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Firms Sign Deals to Co-develop Oilfields

State oil companies from China, the world's second-largest oil importer, and fifth-largest exporter Venezuela are strengthening their partnership by co-investing in oilfields in the South American country.

China National Petroleum Corp (CNPC), the parent company of the nation's largest oil producer listed in Hong Kong, PetroChina, on Thursday signed an initial agreement with Venezuela's state oil company, Petroleos de Venezuela SA (PDVSA), to develop and manage Venezuela's Zumano oilfields in the eastern part of the country, PDVSA said in a statement on its website.

Liu Weijiang, a CNPC spokesman, on Friday told China Daily the two companies signed an agreement this week during the recent visit to China by Venezuelan Minister of Energy and Petroleum and PDVSA President Rafael Ramrez.

Liu did not elaborate on the content of the agreements, saying CNPC would remain low-key before any concrete progress has been made.

In order to expand business in China, PDVSA set up a branch office in Beijing on Monday.

The Zumano area has 400 million barrels of light and medium crude and 4 billion cubic feet of gas reserves, said PDVSA.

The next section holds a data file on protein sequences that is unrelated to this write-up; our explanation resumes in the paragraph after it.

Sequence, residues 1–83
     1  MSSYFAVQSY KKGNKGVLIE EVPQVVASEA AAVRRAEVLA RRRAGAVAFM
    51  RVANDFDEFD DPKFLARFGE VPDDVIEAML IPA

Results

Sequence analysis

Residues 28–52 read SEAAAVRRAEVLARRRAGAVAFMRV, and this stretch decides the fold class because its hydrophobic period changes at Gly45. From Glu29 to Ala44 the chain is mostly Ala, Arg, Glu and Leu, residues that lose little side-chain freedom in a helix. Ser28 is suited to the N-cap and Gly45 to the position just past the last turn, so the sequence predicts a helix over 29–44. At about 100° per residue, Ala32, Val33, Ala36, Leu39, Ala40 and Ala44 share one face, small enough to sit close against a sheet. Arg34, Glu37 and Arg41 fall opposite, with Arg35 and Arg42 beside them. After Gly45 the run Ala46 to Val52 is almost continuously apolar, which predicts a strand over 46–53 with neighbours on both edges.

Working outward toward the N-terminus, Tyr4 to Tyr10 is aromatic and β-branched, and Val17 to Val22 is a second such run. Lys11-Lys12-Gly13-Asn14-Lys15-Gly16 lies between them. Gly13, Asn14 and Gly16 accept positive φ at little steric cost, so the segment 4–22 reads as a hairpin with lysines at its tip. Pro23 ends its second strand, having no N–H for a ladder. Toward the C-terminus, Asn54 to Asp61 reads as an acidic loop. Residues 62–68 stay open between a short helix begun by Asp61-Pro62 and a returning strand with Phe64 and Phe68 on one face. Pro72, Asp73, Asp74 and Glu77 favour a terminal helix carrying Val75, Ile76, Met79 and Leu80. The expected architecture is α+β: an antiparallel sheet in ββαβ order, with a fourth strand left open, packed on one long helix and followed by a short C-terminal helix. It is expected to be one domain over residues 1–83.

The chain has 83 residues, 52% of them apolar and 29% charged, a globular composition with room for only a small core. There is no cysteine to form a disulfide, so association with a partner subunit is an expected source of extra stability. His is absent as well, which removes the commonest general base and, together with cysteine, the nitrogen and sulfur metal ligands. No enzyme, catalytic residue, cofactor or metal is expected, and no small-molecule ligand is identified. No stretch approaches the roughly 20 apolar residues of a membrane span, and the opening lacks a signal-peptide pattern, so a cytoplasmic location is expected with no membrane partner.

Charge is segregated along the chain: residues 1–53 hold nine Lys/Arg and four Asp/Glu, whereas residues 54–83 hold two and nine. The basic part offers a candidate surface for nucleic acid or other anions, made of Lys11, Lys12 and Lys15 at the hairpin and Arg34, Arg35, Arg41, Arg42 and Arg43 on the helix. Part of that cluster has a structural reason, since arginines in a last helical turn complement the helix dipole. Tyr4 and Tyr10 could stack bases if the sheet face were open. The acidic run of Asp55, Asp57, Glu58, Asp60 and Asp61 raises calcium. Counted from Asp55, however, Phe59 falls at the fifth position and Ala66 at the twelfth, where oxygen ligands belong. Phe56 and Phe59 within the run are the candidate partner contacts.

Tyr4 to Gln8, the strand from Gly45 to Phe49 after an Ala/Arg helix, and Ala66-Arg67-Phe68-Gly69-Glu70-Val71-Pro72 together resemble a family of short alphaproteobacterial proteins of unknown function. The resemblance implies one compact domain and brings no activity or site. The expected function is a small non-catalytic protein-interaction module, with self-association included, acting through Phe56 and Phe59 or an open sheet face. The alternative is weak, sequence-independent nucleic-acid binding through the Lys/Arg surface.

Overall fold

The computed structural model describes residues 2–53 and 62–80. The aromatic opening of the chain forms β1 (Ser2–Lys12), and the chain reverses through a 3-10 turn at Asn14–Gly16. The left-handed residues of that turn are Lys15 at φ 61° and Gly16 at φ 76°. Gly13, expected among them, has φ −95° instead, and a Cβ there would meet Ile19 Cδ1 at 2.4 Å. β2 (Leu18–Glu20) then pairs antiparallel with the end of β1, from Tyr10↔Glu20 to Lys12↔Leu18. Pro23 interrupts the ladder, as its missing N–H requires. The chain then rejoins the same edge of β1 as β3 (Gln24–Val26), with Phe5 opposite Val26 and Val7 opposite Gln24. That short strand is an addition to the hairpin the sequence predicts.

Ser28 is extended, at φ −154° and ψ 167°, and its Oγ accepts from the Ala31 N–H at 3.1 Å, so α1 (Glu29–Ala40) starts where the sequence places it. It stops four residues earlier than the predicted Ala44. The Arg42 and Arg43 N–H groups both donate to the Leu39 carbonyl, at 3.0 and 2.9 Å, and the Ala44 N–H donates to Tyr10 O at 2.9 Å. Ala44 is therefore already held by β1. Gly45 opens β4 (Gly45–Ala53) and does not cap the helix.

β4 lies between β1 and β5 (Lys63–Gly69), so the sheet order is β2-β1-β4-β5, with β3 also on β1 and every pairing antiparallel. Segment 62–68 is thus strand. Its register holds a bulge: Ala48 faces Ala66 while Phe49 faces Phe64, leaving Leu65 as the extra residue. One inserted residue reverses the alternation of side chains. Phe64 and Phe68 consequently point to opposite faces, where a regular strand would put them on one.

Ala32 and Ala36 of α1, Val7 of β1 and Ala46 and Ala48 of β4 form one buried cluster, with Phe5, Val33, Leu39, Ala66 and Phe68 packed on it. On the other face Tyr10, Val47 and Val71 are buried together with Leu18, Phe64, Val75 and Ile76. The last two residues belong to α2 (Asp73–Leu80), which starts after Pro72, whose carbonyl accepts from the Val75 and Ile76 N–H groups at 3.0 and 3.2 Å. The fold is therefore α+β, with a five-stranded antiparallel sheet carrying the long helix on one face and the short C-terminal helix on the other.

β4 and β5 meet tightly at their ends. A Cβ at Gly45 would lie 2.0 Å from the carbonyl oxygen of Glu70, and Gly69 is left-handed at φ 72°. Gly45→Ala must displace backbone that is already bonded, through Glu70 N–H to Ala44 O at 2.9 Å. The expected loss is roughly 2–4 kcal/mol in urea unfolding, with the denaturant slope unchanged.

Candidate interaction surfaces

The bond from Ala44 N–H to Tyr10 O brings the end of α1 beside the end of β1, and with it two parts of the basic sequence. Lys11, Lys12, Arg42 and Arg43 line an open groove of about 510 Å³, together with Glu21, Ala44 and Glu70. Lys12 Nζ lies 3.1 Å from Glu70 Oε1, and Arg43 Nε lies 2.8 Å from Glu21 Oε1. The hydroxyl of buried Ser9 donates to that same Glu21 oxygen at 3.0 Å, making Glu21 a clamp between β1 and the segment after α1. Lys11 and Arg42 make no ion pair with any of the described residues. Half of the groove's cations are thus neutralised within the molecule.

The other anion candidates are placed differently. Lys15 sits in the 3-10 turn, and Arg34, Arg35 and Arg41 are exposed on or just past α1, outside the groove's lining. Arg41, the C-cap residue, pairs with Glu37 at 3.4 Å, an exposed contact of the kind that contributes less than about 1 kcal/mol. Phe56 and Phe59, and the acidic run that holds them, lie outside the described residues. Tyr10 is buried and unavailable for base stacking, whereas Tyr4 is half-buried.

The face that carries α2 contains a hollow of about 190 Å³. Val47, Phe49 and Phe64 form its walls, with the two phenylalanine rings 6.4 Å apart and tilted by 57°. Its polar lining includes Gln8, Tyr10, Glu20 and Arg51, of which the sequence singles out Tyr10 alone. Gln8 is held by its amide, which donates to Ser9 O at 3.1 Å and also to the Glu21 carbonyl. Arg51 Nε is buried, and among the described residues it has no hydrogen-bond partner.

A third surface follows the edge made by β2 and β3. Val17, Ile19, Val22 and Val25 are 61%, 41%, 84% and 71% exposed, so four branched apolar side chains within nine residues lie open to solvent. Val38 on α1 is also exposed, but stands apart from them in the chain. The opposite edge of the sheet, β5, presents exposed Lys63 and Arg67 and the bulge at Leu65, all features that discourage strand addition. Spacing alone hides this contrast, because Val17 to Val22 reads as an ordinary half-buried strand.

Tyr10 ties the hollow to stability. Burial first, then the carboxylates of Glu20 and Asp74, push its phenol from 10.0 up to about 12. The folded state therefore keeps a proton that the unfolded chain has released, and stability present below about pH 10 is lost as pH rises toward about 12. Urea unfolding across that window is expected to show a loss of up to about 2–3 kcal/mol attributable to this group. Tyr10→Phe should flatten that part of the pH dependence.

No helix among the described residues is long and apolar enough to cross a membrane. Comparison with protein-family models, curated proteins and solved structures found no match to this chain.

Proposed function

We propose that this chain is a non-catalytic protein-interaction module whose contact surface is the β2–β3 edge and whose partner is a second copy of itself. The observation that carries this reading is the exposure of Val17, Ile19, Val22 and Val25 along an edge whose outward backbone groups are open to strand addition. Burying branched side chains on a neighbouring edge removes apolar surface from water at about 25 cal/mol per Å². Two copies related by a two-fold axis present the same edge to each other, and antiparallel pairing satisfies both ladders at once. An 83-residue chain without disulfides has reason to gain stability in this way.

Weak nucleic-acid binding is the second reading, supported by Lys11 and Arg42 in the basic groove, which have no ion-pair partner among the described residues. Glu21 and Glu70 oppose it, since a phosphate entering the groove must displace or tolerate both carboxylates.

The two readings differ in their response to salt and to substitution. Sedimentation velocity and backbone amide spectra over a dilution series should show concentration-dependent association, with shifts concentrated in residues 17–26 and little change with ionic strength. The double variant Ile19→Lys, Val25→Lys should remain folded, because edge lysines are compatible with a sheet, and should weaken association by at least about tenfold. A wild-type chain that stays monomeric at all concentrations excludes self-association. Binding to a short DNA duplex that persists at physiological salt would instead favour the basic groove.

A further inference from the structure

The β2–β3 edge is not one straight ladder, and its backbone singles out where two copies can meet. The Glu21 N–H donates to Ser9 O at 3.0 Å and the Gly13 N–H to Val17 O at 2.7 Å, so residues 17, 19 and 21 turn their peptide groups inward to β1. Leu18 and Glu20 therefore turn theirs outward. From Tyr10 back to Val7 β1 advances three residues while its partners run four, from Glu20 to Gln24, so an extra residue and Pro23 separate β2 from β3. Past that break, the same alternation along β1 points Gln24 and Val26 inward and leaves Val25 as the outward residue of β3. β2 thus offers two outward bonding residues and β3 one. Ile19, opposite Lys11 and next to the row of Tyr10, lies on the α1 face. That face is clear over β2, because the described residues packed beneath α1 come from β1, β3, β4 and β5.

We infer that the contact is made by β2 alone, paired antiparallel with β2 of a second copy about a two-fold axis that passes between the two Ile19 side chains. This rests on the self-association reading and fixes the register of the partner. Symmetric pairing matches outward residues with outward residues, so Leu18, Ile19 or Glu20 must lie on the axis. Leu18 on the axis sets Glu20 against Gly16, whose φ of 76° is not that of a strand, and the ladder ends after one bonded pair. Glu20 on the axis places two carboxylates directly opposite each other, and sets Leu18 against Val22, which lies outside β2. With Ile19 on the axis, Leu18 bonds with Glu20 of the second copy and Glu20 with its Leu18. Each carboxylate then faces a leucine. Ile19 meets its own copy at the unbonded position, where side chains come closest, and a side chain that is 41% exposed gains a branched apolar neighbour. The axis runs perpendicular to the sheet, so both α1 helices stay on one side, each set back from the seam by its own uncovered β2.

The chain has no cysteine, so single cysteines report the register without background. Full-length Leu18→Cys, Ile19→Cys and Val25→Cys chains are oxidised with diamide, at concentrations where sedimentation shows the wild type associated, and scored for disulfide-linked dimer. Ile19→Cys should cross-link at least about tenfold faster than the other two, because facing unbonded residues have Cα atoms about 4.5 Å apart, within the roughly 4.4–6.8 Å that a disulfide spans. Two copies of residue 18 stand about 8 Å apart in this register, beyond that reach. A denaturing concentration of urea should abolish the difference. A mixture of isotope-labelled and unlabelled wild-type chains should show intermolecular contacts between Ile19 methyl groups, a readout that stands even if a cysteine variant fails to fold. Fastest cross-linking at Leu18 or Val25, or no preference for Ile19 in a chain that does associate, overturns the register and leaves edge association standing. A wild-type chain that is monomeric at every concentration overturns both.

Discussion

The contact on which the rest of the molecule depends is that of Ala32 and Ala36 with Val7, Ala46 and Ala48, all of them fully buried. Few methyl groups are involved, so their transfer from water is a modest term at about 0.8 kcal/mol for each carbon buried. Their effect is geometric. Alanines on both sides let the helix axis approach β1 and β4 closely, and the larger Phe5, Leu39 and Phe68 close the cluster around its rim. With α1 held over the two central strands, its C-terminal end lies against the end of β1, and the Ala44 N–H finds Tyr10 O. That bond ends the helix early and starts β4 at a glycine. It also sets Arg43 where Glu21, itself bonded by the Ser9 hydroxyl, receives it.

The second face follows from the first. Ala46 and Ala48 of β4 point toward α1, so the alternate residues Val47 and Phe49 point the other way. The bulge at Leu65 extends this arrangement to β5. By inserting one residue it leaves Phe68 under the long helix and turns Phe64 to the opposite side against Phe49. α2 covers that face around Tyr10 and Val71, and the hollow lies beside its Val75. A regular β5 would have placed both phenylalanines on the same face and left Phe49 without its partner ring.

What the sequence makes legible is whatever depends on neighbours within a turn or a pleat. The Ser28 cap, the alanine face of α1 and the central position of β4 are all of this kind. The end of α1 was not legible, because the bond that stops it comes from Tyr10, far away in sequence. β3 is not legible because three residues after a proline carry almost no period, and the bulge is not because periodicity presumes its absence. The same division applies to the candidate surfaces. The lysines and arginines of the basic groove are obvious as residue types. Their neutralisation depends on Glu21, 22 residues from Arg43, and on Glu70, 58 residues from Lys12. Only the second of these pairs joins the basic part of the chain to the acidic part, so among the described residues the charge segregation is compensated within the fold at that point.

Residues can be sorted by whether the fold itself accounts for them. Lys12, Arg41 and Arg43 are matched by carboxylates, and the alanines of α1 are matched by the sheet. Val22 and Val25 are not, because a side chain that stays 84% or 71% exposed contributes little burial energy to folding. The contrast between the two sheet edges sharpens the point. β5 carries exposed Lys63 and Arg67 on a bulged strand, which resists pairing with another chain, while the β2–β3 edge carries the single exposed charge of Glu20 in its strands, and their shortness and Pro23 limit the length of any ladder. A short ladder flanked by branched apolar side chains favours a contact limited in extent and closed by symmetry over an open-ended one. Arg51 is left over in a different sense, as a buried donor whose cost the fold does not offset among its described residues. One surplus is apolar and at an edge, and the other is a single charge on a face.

"We want China to take part as an investor and a partner," said Ramrez during his China tour.

Venezuela plans to spend US$56 billion from 2006 to 2012 to double its oil production to 5.1 million barrels a day from the current 2.6 million barrels per day.

China last year produced some 1.27 billion barrels of oil, and imported 898 million barrels.

Venezuela said last week that it expects to export 300,000 barrels of crude a day to China by 2012 from the current level of 68,800 barrels a day.

The South American country hopes to supply 15 to 20 per cent of China's oil import needs, PDVSA said in the statement.

The two companies are studying a possible refinery project in China, PDVSA said.

They have also held preliminary discussions about creating a financing fund for building infrastructure in Venezuela based on oil trade, PDVSA said. Further details were not available from either of the two companies.

(China Daily August 27, 2005)

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